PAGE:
Hill now has a team-high 17 catches (at least five receptions in every game). He also leads Ohio State with 202 receiving yards.
Austin Mack, Junior Wide Receiver
The first two times Haskins targeted Mack, the quarterback's roommate came down with receptions, including a 48-yard connection that brought the ball to the 2-yard line. Then, disaster ensued.
The typically sure-handed wideout dropped at least four passes, including one that should have capped off the first drive with six points. Mack has not had issues with his hands before, so it's hard to imagine this will be a reoccurring problem. But it cost the Buckeyes points on Saturday, so it will be something to track going forward.
The Safety Opposite Jordan Fuller
No one has been able to lock down the second safety spot.
And once again on Saturday, both Isaiah Pryor and Jahsen Wint had their lowlights. Pryor took a poor angle that led to Darius Anderson racing for a 93-yard touchdown, the longest play ever against the Buckeyes' defense. Wint then allowed a 51-yard touchdown pass to hit with 1:06 remaining in the third quarter to cut it to a one-score game.
Wint has stood out in kick coverage on special teams, but he has also stood out for the wrong reasons on defense. Pryor, too, has seemed to be in the wrong position at times, which led to big gains again on Saturday.
Half of the Big Ten
It was not a banner week for the Big Ten, despite Ohio State's win over then-No. 15 TCU — and that's an understatement.
Wisconsin (24-21 loss to BYU), Rutgers (55-14 loss to Kansas), Maryland (35-14 loss to Temple), Nebraska (24-19 loss to Troy), Illinois (25-19 loss to South Florida), Purdue (40-37 loss to Missouri) and Northwestern (39-34 loss to Akron) each suffered defeats in Week 3. Most of those teams weren't expected to be in contention atop the Big Ten, but Wisconsin's upset loss put its College Football Playoff hopes in a dire situation.
Stock Somehow Even Further Down
I'm not sure whether a third category has ever been created for this article, but I went ahead and created one for this special occasion. I mean, what is there to say?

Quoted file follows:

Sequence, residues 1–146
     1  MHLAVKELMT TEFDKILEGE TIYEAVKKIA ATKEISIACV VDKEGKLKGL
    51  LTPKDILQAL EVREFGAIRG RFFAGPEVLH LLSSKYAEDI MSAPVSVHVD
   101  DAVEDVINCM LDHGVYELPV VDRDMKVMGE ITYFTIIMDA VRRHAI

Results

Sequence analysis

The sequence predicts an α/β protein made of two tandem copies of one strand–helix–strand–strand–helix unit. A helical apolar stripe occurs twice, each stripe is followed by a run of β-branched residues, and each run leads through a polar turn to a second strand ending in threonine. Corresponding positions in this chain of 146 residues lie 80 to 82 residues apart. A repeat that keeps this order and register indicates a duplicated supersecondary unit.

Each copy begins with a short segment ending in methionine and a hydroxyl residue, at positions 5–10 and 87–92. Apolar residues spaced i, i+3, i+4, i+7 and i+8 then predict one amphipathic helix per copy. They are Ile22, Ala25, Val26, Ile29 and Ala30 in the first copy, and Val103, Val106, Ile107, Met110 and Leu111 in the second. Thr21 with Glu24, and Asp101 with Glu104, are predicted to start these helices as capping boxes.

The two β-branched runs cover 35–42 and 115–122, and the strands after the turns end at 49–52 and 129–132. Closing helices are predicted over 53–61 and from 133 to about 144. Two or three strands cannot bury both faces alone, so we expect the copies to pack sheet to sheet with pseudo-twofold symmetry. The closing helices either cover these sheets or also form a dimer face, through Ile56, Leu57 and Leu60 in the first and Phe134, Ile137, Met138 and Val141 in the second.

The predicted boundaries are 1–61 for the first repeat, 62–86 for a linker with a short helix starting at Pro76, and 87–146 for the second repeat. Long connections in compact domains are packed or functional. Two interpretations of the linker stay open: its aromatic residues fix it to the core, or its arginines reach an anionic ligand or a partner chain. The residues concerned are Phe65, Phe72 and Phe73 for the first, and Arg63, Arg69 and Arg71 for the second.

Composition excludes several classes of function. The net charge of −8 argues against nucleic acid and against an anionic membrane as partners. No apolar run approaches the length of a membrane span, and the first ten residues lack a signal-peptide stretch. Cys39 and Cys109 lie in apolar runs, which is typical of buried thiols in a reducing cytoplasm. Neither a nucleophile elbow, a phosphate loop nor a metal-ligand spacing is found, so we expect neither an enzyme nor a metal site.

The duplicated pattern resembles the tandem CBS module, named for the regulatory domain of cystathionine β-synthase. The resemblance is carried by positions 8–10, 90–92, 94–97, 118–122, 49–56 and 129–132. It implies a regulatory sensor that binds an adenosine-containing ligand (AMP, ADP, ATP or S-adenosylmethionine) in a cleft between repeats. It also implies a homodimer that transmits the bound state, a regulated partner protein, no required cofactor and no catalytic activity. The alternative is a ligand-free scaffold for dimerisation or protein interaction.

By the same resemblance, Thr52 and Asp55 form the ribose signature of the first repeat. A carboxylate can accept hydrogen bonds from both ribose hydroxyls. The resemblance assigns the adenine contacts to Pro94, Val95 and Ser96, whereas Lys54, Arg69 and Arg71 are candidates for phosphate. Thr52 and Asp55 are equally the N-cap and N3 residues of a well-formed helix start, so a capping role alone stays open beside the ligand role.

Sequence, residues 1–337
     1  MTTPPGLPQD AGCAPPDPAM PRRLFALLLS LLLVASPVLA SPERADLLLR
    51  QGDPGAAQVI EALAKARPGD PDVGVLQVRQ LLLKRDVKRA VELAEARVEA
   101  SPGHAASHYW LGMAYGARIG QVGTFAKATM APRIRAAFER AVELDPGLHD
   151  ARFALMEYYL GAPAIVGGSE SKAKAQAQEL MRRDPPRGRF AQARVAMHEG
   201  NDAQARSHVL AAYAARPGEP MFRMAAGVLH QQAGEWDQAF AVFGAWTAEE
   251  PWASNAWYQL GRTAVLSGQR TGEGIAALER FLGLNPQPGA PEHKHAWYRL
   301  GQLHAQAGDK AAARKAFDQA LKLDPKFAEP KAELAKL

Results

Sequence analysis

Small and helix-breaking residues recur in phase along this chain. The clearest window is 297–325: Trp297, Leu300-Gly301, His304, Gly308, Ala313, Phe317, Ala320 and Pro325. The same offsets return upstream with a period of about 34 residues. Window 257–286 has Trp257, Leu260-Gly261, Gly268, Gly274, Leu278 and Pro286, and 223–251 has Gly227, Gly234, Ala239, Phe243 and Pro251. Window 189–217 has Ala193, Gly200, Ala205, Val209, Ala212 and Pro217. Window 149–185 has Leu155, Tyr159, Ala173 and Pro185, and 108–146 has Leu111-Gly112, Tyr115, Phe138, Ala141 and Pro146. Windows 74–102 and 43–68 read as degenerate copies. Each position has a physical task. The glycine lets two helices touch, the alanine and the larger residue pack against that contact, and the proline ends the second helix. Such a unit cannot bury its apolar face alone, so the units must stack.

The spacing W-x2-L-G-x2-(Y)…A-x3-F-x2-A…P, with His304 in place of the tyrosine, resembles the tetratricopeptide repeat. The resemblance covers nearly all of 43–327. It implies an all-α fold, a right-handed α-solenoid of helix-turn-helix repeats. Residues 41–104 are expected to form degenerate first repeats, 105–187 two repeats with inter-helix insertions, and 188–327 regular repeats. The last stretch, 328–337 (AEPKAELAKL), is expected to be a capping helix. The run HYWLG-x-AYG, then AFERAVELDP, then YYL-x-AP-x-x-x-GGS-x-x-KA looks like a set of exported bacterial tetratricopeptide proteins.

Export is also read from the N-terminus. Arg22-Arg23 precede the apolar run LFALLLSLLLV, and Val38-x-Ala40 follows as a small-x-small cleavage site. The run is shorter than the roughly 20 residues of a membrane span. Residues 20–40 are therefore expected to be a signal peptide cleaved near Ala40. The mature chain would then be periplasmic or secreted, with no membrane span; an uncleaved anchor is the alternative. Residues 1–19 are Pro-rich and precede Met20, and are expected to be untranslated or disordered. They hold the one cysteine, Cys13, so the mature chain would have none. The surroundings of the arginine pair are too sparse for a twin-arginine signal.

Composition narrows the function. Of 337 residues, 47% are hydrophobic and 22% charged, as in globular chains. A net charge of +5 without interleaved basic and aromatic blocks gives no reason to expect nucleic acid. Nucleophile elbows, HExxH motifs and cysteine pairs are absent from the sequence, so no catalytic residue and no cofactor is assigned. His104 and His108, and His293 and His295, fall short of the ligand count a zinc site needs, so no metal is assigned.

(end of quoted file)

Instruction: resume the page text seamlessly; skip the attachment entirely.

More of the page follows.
Ohio State rolling to a 52-3 win against the Scarlet Knights had an easy explanation. The Buckeyes have, and will always have, a massive talent advantage.
Fun fact: Ohio State has played Rutgers five times and has outscored the Scarlet Knights a combined 271-27. OK, one more fun Ohio State-Rutgers fact. In Chris Ash's two seasons as Buckeyes defensive coordinator, the defense scored more points in Ohio State's pair of matchups against Rutgers (an Eli Apple fumble recovery for a touchdown) than the Scarlet Knights have scored against Ohio State since Ash was hired as their head coach three years ago (a single field goal).
But, Kansas? Kansas? KANSAS?
It's one thing to lose to the hapless Jayhawks. It's another to suffer a blowout loss to a team that had not strung together back-to-back wins against FBS teams in nine years. Kansas running back Pooka Williams Jr. looked like a Heisman candidate.
Had Rutgers not played Texas State in the first week of the season, it might be staring at a winless season.
Unsurprisingly, Rutgers opened as a six-point underdog to Buffalo on Saturday. If Ash can't miraculously steal a few wins the rest of the season, he likely won't be patrolling the Rutgers sideline much longer.